poleaxe

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See also: pole-axe

English[edit]

Alternative forms[edit]

Etymology[edit]

Originally pollax, from poll (head) +‎ axe.

Pronunciation[edit]

Noun[edit]

poleaxe (plural poleaxes)

  1. An ax having both a blade and a hammer face; used to slaughter cattle.
  2. (historical) A long-handled battle axe, being a combination of ax, hammer and pike.

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Verb[edit]

poleaxe (third-person singular simple present poleaxes, present participle poleaxing, simple past and past participle poleaxed)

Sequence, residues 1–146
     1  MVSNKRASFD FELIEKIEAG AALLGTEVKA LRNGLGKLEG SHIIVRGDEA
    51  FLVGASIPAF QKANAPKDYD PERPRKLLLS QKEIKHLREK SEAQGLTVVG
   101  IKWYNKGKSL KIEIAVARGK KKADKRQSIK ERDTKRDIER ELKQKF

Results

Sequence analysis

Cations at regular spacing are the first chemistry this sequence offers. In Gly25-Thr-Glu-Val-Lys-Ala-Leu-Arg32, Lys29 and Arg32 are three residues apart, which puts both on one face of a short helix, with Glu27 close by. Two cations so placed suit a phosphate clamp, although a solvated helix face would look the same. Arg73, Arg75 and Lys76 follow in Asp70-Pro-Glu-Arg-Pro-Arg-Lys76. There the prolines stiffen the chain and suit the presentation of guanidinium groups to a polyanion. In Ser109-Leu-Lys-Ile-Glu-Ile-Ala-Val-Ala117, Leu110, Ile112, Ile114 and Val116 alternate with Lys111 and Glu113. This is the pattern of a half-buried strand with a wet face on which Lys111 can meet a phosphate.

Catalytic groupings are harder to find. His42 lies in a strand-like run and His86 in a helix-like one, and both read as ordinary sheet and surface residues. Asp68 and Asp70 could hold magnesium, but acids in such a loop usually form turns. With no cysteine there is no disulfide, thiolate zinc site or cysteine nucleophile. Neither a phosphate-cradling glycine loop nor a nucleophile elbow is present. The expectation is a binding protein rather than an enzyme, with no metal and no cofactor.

1. (transitive) To fell someone with, or as if with, a poleaxe.
  2. (transitive, figuratively) To astonish; to shock or surprise utterly.
    • 2020 July 26, Sam Jones, “'Everyone is panicking': UK quarantine decision shocks Britons in Spain”, in The Guardian[1]:
      Lisa Griffin, who runs Brew Rock and an Irish pub in nearby Benidorm, was as poleaxed by the announcement as her customers were.

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